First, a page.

• Consider acetaminophen for the relief of discomfort unless you have liver disease.

Get medical help in the following situations:

  • Vomiting persists for more than two days.
  • Diarrhoea persists for longer than several days.
  • Diarrhoea turns bloody.
  • Fever is 101 F or higher.
  • Lightheadedness or fainting occurs with standing.
  • Confusion develops.
  • Worrisome abdominal pain develops.

Get medical help if your child shows the following problems:

  • Becomes unusually drowsy.
  • Vomits blood.
  • Has bloody diarrhoea.
  • Shows signs of dehydration such as dry mouth and skin, marked thirst, sunken eyes, or crying without tears. In an infant, be alert to the soft spot on the top of the head becoming sunken, and to diapers that remain dry for more than eight hours.

The writer is a consultant gastroenterologist, SPS Apollo Hospitals, Ludhiana.


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Uric acid: the lifestyle connections
Dr R. Vatsyayan

Thousands of years ago, ayurvedic masters described “adhya vata” as a metabolic arthritis occurring due to the excessive consumption of a diet which in modern parlance is called protein-rich food. Uric acid is the waste product of the breakdown of purine proteins which, when not properly excreted by the kidneys, gets deposited in the joints. This condition is known as gouty arthritis. In the present socio-economic scenario when improper lifestyle and dietary indiscipline are in vogue, Punjab tops the list of states in India where raised uric acid and other related problems are found in abundance.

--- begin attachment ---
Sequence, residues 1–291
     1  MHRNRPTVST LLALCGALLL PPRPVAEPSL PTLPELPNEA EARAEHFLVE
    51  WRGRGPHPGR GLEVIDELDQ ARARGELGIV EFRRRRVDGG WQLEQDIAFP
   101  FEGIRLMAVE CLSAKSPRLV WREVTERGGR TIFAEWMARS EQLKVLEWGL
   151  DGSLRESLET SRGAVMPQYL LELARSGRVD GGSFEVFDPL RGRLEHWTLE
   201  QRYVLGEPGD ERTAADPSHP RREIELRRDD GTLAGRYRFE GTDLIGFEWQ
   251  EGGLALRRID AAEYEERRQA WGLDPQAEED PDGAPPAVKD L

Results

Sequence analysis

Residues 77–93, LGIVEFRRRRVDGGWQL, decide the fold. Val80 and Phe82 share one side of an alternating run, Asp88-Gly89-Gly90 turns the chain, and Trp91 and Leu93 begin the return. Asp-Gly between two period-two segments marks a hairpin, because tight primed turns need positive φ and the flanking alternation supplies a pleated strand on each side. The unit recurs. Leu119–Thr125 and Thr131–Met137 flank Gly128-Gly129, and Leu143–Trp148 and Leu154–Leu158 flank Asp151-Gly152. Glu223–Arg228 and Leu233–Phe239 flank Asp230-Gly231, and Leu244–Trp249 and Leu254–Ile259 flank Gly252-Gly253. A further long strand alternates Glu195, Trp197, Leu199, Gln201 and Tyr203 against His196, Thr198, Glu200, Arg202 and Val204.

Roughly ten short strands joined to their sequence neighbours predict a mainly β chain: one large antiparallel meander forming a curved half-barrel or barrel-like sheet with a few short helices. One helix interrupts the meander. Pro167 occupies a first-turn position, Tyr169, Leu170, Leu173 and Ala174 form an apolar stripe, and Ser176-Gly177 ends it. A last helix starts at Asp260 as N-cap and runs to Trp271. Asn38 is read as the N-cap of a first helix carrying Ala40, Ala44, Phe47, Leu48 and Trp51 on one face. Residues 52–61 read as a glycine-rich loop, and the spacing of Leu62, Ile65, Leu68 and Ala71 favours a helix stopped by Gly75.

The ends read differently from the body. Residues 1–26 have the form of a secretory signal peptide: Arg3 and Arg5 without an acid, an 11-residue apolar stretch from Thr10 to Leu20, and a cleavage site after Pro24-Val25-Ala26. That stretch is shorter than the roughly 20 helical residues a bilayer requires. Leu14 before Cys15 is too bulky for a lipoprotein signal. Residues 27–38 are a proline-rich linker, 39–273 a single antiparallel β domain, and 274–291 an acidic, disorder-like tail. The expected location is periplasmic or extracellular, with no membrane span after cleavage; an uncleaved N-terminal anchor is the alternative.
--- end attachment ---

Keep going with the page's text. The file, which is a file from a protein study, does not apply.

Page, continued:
Our modern diet typically does not consist of good acid/alkaline balance. Ayurveda believes that a healthy diet to prevent the digestive impurities and metabolic disturbances should be around 30 per cent acidic and 70 per cent alkaline, but that is found to be in the exactly opposite proportion in the meals eaten today. Not much attention is given to healthy dietary combinations and a post digestive effect of food items. A wrong choice of food coupled with faulty digestion can precipitate any underlying disease. Usually, an acute attack of gout is preceded by an episode of dietary extravaganza which substantiates the whole point.

In the northern parts of India even the normally eaten diet is viewed as conducive to raising uric acid. Excessive intake of red and organ meats, fish, egg, cauliflower, mushrooms, peas, beans, tomato, black grams, whole meal lentils, rice to an extent and dairy products like curd and cheese are some of the food items which can trouble a person who has high levels of uric acid. Similarly, alcohol, which is not only highly acidic and puts stress on liver and kidneys, is usually taken with certain types of snacks already rich in purines. Its increasing consumption is seen as a potential reason to boost the prevalence of uric acid in Punjab. According to ayurveda, a high protein and fat-rich diet coupled with sedentary lifestyle is a deadly combination.